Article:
The wind is sighing through the treetops, hopefully bidding the last vestige of cold rain good-bye. It has been a stormy week, with heavy rain studded with hail, and strong winds that created havoc in many places. We were spared the brunt of it, although in lots of areas uprooted trees and downed power lines bore witness to the damaging winds.
The brave little coltsfoot, the very first wildflower of the spring, is now blooming along the roadside and bank. Their small yellow flower, resembling a dandelion, blooms before the leaves appear. They are a faithful reminder that spring is truly here.
This would be marble season when I was a kid. Just as soon as the March wind dried up the mud, it was time to dig out the marbles. Bicycles were rare, and skateboards were non-existent, but everyone had marbles.
The old two-room schoolhouse had a large playground, completely devoid of grass and tromped smooth by hundreds of running feet. It was a perfect place for marble playing.
It was good for hopscotch too—all you needed was a piece or two of glass (for marking the squares,) some pebbles and perfect balance. The girls played hopscotch; no boy was ever caught playing such a sissy game. But we girls were not above playing marbles—with each other, of course.
With our knobby knees grinding in the dirt and our pigtails stuck straight out, we played “Four Holes and a Peewee” with much squealing and giggling. The boys played with deadly aim and deadly earnestness. With shouts of “I’ve got dibs on you” and “No fudging” to “Knucks down!” they played their ring marble games every recess and noon hour.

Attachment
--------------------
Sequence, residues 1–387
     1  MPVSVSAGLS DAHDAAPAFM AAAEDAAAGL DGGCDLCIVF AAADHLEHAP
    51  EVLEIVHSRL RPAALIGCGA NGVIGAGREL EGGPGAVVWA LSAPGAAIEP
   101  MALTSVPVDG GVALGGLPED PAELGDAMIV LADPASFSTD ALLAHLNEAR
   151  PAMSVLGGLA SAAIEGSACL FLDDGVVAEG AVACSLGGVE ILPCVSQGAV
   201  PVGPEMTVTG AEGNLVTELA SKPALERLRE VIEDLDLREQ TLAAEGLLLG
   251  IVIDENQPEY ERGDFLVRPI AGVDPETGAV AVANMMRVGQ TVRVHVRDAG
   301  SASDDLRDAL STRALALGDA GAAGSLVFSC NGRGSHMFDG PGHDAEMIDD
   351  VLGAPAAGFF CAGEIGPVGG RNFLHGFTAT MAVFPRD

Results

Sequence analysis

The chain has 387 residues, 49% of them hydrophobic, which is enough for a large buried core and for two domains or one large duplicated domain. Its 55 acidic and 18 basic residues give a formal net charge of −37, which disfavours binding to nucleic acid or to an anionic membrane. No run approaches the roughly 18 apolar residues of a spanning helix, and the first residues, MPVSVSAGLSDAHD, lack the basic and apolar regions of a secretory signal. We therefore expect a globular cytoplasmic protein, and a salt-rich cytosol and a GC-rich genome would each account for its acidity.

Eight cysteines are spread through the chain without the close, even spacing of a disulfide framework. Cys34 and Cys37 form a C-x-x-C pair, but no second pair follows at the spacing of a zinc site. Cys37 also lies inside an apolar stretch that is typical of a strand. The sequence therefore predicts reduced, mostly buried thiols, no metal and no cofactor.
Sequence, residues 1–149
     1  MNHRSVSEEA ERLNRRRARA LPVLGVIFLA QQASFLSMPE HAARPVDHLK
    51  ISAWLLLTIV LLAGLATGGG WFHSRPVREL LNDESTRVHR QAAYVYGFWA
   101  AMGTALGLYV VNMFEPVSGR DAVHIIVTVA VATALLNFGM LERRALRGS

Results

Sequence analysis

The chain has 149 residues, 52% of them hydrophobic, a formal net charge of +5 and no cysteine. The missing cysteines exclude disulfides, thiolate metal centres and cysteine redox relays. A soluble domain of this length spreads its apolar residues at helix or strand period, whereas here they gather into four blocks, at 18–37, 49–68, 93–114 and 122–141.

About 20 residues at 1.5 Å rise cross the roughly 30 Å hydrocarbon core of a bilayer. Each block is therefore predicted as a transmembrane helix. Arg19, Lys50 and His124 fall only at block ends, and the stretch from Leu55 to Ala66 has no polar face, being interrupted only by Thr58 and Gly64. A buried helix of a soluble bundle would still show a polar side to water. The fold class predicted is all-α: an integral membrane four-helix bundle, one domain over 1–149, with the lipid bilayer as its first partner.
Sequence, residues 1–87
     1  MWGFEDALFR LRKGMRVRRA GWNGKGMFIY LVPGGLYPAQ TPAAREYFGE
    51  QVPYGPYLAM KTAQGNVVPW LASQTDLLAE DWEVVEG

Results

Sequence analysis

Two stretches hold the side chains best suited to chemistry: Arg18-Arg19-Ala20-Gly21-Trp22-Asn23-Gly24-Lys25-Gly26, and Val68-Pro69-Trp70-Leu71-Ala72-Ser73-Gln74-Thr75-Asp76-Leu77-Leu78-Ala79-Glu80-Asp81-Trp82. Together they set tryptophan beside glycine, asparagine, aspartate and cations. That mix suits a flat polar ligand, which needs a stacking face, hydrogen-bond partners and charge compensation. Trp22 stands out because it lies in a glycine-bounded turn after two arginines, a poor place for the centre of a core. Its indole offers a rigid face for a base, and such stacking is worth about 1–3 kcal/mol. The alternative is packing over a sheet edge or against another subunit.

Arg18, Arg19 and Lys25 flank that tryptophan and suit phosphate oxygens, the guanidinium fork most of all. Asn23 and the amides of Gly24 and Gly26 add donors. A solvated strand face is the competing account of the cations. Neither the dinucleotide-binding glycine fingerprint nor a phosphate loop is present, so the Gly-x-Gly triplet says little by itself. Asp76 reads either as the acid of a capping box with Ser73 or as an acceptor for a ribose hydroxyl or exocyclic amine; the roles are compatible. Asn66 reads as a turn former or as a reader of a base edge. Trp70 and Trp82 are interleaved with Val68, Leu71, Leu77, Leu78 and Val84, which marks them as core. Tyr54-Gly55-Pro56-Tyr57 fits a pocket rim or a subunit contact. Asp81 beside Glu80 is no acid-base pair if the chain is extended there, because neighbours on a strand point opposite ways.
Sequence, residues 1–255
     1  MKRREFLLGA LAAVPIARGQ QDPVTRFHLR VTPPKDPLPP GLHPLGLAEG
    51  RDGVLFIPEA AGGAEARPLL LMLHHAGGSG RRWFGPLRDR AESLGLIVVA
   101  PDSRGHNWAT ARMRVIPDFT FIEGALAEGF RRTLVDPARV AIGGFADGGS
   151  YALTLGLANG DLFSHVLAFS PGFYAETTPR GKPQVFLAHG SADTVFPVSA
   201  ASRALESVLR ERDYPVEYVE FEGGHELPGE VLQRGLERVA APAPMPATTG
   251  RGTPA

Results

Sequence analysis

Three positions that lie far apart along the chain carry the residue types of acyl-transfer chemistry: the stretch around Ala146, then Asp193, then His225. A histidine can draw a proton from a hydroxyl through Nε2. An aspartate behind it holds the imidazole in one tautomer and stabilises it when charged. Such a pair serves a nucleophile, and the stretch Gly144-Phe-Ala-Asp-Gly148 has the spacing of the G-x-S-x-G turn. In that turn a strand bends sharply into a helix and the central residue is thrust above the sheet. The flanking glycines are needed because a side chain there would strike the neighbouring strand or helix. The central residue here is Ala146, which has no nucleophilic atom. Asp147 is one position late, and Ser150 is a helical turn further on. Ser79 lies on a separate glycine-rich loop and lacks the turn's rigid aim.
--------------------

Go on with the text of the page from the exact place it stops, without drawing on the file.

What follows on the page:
Each boy had his favorite shooting marble, called a “kimmy” or “shooter” which he guarded well and kept in his possession. Daddy never allowed us to play “Keeps” which he considered a form of gambling, but of course the boys sneaked and did it anyway. Criss must have been a sharpshooter, as he had a small churn full of marbles when we got married. Time, sons and grandsons have well disposed of them.
Mothers must surely look back on the marble games with mixed emotions, for they took their toll in the knees of our blue jeans. It was impossible to keep the holes out—Mom patched the knees, and then patched the patches. Still the marble games went on.
Some things never change though. Kids still act out their favorite comic strip characters. I see my grandsons pretending to be “The Hulk” and “Spiderman.” It makes me think of us kids imitating the “Katzenjammer Kids” of our time. Alen Wayne always got to be “Capt’n while Larry and I were Hans and Fritz.
Our oldest son Mike, and his sister Patty, with their close friend Terry, played “Tarzan” by the hour. Patty was the youngest, and she always had to be Cheetah. She was recalling the other day how they always made her carry a suitcase through the woods. She never did figure out the suitcase.
It will soon be time to roam through the woods again (without a suitcase) and examine the spring flowers and plants that come up fresh and tender. I like to look for wild ginger while hunting morels. It grows low on the ground, and has a dark red-brown flower growing right between the leaf stalks.
The root has a strong ginger-like odor, and can be used as a substitute for ginger. I want to dig some roots and cook them with sugar—I love to experiment with wild foods. Another early spring plant that I like to find is “Adam and Eve.” It is also called “puttyroot.” A single long leaf, almost like a narrow-leaf plantain, betrays its round, edible corm. I always wipe off the dirt and chew it, although it glues my teeth together.
The showy trillium, with its snowy white blossoms, is beginning to bloom in rich, woodsy places. Some folks call it “wild cabbage,” and gather it for greens. I have never been able to destroy the flowers for a mess of greens. There is another wild flower that is good for greens, but I can’t bear to pick it for the same reason.
We call it a trout lily, or dogtooth violet, but it is not a violet at all but is of the lily family. Trout lily refers to the similarity between the leaf markings and those of the brown or brook trout. They grow lushly on the banks of William’s River, in the rich, moist soil there.
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